Here is my homily for the weekend. God bless all!
29th Sunday in Ordinary Time, Cycle A
October 17/18, 2010
Isaiah 45:1, 4-6; 1Thes 1:1-5b; Matt 22:15-21
“I am the Lord; there is no other. I have called you by name, giving you a title…. though you knew me not.” (Is 45:4) “It is I who arm you so that from the rising to the setting of the sun, people may know that there is no one besides me.” (Is 45:4-6)
Even before we were born, God called us by name and equipped each of us for a noble purpose and a special task even if it isn’t always clear to us. Every human life, regardless of circumstances, has been given a unique purpose for living.
The dignity of every human life! Yes, the dignity of your life, however you may find yourself, however insignificant you may think you are, however modest your circumstances. God has a plan for you and whatever it may be, it must shine into the world today.
I would like to retell a story I shared with you many years past.
The year was 1918 toward the end of the First World War. The location was aboard the USS George Washington, a troop carrier, sailing to France in the mid-Atlantic. The people involved were a lowly seaman named Byron Bickell, and the president of the United States, Woodrow Wilson. Seaman Bickell was on sentry duty late one night, making his rounds topside. The captain of the ship was very worried about German U-boats, not only because of the all the troops aboard, but because he was carrying the president to France who was to begin peace negotiations between the Allies and Germany. So he had issued orders that night: there were to be no lights on above the waterline. (For, you see, even the smallest of lights can be seen for 10 miles on the open sea.) So Seaman Bickell was vigilant. The president couldn’t sleep that night as he was prone to headaches, so he came out on deck, and, as was his habit, he reached into his coat pocket, took out a cigar and lit it. A big red glow was at the end of that cigar. Seaman Bickell saw the lighted cigar, but didn’t recognize who had lit it. So he approached the man closely and was shocked to see it was the president. Remembering his orders, he summoned his courage and went up to President Wilson, and said, “Sir, throw that cigar overboard!” Startled, the president responded, “What?” “Sir, throw that cigar overboard!” repeated Seaman Bickell. After a moment’s hesitation, the president flicked the cigar into the sea.
This is a true story. Byron Bickell was my grandfather. He told me this story when I was a child. He said it was the last time in American military history that an enlisted man gave a direct order to the Commander-in-Chief, and was obeyed.
With all due respect to my grandfather, I say to you, “Do not throw your light, your life, or the life of any human being overboard. Shine! Break into the darkness!” St Paul says, “You were chosen.” (1Thes 1:4) He goes on to say, “Shine like lights in the world!” (Philippians 2:15d) Every human being is meant to live. So also are you. I beg you, become beacons of life and of hope in a divided conflicted world, an increasingly inhuman world dominated by self-interest, technology, and isolation. Certainly, we all agree our world is divided and people are more isolated than ever, and the human person is diminished in respect and value. We speak of acceptance, tolerance, and mutual respect, but too often live lives of separation, anger, and division. Our world desperately seeks lights of unity and peace, of mutual respect and love.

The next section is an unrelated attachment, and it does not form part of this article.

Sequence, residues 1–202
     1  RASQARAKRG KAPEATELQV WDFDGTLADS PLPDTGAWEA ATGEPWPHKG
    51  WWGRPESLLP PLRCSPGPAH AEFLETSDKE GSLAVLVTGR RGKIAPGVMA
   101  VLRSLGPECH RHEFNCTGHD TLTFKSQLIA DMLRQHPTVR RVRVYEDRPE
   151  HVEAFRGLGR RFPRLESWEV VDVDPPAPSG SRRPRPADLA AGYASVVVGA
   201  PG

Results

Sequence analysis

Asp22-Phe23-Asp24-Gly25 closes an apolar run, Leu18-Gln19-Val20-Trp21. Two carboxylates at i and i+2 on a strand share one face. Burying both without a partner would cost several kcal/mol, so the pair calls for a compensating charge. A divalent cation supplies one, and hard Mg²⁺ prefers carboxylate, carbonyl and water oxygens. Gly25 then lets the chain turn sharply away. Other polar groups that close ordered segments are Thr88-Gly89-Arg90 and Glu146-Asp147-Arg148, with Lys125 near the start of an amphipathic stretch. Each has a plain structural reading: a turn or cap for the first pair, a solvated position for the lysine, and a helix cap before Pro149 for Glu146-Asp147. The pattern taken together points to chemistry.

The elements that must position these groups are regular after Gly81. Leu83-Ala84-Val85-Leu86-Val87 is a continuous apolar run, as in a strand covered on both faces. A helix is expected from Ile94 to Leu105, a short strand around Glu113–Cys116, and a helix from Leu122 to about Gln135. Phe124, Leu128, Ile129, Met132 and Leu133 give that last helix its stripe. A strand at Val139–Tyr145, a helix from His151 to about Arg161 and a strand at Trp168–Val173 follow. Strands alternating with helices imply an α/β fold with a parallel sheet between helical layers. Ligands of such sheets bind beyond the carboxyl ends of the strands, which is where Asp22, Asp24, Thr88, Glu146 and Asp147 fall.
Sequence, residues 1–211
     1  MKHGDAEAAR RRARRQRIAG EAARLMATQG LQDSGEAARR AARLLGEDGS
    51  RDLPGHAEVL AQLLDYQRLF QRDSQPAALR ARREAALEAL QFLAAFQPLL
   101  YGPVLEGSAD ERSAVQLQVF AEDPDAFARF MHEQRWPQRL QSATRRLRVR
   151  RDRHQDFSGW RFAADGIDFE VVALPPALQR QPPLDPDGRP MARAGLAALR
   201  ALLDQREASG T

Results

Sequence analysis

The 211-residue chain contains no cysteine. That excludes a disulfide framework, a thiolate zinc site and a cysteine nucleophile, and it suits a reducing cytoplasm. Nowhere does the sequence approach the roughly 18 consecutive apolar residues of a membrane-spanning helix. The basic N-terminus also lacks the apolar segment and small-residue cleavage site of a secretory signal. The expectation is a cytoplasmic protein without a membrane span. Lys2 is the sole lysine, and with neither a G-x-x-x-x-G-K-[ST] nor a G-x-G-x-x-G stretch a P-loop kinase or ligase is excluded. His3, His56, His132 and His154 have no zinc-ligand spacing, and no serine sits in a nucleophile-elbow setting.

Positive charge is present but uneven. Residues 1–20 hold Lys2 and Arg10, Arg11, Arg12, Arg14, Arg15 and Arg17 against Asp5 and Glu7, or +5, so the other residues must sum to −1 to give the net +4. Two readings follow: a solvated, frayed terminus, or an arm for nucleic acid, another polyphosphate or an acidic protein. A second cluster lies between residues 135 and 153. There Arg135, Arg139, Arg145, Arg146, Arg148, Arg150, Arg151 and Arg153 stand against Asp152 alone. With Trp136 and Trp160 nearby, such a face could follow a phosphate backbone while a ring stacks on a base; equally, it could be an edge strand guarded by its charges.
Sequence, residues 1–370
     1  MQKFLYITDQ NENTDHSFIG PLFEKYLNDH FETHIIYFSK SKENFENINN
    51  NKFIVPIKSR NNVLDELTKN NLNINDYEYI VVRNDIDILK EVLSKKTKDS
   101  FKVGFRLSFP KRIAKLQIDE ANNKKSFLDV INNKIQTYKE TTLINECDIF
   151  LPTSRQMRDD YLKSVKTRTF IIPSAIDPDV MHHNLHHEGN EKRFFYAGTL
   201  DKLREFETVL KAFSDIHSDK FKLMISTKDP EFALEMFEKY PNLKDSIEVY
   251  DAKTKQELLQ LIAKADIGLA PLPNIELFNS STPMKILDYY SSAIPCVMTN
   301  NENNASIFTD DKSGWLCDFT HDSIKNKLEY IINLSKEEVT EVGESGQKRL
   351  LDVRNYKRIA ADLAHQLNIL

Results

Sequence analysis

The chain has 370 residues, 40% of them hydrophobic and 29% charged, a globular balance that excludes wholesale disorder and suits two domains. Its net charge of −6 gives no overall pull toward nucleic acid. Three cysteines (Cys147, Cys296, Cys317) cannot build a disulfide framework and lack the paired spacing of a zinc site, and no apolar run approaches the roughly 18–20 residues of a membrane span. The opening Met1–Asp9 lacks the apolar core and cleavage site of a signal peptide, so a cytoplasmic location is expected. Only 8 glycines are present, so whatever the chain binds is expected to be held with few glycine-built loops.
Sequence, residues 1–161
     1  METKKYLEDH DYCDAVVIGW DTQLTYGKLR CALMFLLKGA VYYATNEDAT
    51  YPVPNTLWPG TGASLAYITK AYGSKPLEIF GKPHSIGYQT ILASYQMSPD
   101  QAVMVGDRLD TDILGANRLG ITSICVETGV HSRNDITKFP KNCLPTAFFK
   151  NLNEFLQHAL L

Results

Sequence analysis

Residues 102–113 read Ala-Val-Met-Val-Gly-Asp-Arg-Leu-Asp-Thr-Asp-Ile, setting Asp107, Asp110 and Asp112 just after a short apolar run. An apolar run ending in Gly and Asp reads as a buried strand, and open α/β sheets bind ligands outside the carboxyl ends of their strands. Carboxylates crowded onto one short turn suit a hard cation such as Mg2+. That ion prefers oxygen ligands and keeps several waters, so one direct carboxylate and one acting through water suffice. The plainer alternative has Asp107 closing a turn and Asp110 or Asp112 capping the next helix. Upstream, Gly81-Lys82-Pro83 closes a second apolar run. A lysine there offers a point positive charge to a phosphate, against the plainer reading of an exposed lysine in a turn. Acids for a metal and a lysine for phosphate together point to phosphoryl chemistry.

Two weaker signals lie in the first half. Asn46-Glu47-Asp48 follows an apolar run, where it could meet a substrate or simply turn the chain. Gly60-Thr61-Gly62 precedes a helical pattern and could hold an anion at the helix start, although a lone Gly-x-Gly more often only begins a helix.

You have been chosen by God to be the answer to the questions many now have about the dignity of human life.
We must ask ourselves: “What will make us a light to the world? What will the world accept as an answer to its questions? What will make sense to the modern world?”
The answer is love, for God is love. Yes, only love for life will satisfy the hearts of people, nothing else in the long run. No other explanation will suffice. Only love for life will be recognized and accepted in our world: love for each other, love for ourselves, love for God, and love for his people, the Church. Love for each human life, not just those deemed worthy of life. You see, love is the mind of Christ. Love is the light Christians must bring to the world.
To love an unborn child means to choose what is best for the child. To love a dependent elderly person is to choose what is best for him or her. To love the chronically ill or the stranger means to choose what is best for them. Yes, to love the convicted criminal is to choose what is best for them too. Will we choose life for these people, like Jesus did? Will we respect human life from conception to natural death?
Shine like a light in our world today! Even if you are only a flicker, shine nonetheless! Only a small light is needed to break into the darkness of our world. St. Columbanus once wrote, “…O my Jesus, give your light to my lamp…. Light our lamps and may they always shine and be renewed by you who are the eternal light.”
Do not throw your light overboard! Let it shine. The light you bring to a certain situation may be the very reason that God loved you into life.